Simon Maberley: Refraction
National Art Glass Gallery: 25 August - 25 September
Simon Maberley, Contemplation, 2012, blown glass and steel
One of Australia's most innovative glass artists, Simon Maberley is known internationally for his unique figurative sculptures constructed from glass and metal. These stunning marionette-like works ask the viewer many questions about contemporary life and the individual's place within it.
The works in the exhibition continue my interest in the figure as a starting point for a reference to the notion of self. The sculptures are also about how light shifts with the density of its medium and the refraction as it interacts with materials it passes through or reflects off. In combining these two aspects, I am interested in the metaphor and interpretive links between light and self that the sculptures generate.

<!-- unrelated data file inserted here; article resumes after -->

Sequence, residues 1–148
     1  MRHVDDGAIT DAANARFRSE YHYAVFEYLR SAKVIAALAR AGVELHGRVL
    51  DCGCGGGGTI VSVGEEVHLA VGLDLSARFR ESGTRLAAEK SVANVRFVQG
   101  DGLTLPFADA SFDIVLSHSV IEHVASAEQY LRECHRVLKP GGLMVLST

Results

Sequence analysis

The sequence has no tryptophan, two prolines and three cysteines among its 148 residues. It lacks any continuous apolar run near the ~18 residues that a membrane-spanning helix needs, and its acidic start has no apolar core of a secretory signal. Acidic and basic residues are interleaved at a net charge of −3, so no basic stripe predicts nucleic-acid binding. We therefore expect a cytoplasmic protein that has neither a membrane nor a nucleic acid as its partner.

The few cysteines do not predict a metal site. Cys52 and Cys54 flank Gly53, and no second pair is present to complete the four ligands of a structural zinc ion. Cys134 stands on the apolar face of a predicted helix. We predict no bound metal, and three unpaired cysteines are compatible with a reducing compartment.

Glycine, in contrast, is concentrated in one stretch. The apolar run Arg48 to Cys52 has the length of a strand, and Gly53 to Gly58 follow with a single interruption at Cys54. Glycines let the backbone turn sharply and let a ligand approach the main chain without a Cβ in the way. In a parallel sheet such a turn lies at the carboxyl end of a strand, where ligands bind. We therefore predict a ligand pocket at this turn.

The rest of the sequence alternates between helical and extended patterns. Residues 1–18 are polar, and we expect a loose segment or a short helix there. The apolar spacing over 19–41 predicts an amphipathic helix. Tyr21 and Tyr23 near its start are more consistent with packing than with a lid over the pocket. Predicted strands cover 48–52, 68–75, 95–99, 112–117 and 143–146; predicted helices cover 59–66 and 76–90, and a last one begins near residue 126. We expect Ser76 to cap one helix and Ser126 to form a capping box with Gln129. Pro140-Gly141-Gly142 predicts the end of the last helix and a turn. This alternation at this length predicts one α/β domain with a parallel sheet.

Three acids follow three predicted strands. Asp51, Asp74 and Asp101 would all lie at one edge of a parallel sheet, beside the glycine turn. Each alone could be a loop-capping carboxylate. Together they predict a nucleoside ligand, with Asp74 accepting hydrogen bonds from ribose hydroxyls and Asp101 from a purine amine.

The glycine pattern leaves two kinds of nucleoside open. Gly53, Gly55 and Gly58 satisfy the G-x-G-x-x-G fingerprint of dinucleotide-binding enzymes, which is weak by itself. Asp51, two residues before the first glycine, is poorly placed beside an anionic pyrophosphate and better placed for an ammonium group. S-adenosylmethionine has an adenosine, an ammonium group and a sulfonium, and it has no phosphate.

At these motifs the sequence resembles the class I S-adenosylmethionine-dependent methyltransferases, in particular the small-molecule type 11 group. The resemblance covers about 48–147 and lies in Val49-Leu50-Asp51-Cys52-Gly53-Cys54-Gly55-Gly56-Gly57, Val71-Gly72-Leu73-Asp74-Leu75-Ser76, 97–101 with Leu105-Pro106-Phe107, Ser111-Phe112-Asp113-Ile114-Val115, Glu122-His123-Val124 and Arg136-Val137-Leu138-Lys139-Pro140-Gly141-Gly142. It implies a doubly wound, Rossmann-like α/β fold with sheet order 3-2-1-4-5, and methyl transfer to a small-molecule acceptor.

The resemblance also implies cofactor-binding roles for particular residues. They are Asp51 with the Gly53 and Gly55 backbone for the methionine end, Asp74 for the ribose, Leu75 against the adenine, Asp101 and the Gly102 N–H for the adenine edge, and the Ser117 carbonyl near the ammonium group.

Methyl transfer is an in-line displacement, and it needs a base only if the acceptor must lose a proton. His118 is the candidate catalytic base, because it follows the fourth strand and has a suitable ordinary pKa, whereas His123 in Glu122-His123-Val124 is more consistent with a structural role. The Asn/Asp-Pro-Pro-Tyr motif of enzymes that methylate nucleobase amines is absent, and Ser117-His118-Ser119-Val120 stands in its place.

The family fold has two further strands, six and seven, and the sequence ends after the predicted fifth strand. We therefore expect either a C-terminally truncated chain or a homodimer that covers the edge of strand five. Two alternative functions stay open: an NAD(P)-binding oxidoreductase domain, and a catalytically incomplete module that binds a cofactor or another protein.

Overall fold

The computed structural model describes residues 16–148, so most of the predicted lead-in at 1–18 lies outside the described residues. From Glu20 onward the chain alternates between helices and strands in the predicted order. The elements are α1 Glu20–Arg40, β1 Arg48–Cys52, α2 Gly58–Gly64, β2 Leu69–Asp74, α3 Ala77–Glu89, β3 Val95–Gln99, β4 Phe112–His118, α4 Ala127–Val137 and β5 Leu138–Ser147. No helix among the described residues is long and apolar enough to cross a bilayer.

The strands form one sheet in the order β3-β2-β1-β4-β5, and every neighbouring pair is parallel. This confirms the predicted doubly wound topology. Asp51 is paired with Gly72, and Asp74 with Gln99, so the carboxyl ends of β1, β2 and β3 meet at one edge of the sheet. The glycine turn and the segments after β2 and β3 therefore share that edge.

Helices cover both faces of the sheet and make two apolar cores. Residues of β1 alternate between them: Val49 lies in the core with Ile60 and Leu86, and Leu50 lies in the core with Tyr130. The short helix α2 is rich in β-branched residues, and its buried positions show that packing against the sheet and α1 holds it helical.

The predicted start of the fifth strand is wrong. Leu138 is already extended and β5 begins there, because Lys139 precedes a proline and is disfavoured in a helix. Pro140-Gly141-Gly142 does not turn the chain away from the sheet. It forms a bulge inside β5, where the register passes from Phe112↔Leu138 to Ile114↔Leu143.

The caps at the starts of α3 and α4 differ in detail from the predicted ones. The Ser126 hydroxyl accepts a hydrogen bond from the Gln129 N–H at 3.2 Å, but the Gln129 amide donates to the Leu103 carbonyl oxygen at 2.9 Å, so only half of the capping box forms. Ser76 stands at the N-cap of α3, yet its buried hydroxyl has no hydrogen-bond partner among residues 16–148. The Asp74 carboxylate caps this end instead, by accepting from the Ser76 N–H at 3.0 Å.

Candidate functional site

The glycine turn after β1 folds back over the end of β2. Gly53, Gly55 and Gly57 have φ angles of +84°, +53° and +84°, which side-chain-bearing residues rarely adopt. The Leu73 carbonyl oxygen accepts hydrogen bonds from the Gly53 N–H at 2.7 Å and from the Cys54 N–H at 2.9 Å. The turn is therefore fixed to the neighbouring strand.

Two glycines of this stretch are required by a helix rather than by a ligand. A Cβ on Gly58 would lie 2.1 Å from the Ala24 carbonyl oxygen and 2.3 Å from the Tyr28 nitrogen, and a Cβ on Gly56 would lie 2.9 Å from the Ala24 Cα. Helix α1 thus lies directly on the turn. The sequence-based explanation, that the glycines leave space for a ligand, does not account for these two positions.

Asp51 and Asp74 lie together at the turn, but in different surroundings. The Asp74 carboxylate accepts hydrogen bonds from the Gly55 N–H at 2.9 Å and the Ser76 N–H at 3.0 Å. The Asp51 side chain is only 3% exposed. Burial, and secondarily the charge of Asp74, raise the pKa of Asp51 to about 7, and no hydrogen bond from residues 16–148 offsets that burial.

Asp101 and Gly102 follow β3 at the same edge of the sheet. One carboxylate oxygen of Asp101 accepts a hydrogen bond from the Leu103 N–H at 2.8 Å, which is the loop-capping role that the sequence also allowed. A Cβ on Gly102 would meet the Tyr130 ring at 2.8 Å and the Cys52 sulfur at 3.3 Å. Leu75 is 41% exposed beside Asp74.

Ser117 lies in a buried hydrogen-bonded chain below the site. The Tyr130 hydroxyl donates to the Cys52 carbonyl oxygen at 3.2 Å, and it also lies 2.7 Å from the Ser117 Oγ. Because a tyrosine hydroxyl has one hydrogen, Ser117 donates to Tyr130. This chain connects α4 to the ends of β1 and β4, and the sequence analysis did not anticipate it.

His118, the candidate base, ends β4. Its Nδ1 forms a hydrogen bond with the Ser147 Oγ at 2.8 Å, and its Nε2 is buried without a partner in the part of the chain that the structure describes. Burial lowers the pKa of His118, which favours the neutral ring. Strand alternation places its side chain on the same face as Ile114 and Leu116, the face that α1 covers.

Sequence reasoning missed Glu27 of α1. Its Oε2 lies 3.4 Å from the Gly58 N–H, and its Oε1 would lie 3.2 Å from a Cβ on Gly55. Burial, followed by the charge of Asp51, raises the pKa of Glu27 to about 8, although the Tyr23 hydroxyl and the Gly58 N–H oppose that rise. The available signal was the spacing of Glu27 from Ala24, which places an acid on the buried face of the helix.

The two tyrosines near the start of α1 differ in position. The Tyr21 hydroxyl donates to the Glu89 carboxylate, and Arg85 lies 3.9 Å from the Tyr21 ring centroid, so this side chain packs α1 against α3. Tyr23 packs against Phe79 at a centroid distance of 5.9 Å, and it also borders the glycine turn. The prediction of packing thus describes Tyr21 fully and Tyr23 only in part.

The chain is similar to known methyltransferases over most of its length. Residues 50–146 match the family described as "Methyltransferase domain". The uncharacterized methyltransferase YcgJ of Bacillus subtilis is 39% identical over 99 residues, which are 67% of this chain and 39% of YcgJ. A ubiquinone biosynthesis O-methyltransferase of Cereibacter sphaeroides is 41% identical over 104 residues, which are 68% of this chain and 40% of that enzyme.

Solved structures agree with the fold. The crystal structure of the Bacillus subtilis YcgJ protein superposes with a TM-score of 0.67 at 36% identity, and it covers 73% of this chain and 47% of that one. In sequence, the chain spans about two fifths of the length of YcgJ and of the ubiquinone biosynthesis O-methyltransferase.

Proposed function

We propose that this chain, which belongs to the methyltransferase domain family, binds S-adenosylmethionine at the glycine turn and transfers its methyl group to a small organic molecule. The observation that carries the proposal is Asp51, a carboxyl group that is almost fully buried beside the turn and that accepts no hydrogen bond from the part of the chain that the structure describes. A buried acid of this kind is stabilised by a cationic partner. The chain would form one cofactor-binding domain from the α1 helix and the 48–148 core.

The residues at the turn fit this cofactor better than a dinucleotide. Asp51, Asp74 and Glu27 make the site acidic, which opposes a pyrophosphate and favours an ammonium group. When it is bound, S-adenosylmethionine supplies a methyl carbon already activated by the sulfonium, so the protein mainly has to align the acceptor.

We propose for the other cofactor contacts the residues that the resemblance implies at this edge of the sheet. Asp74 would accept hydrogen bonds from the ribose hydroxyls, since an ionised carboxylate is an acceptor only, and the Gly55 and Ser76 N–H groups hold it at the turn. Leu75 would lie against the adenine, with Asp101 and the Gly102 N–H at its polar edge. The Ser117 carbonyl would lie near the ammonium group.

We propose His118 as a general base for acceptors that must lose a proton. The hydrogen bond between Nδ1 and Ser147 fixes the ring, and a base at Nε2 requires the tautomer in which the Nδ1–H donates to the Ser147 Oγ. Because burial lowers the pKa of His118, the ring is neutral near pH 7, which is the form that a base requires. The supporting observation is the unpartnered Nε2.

The discovery of optical effects has a history that intertwines the human awareness of the universe with our ability to perceive light in the visible spectrum and beyond. On an atomic level we exist to the best of our understanding as waves and particles, a vibrating hum of charged particles whizzing around their set orbits. The once theoretical physics of quantum mechanics is set to usher in unprecedented technology and shift us beyond a current human point of reference.
In contrast to this we still have the optical marvels of the natural world, the simple phenomena of mirages, eclipses, sunsets and rainbows. Our ancestors witnessed them for millennia without knowing the physical causes. How do we bridge the gap between self and image, between understanding and ignorance? The observation of the movement of light within the passing of time may provide a link.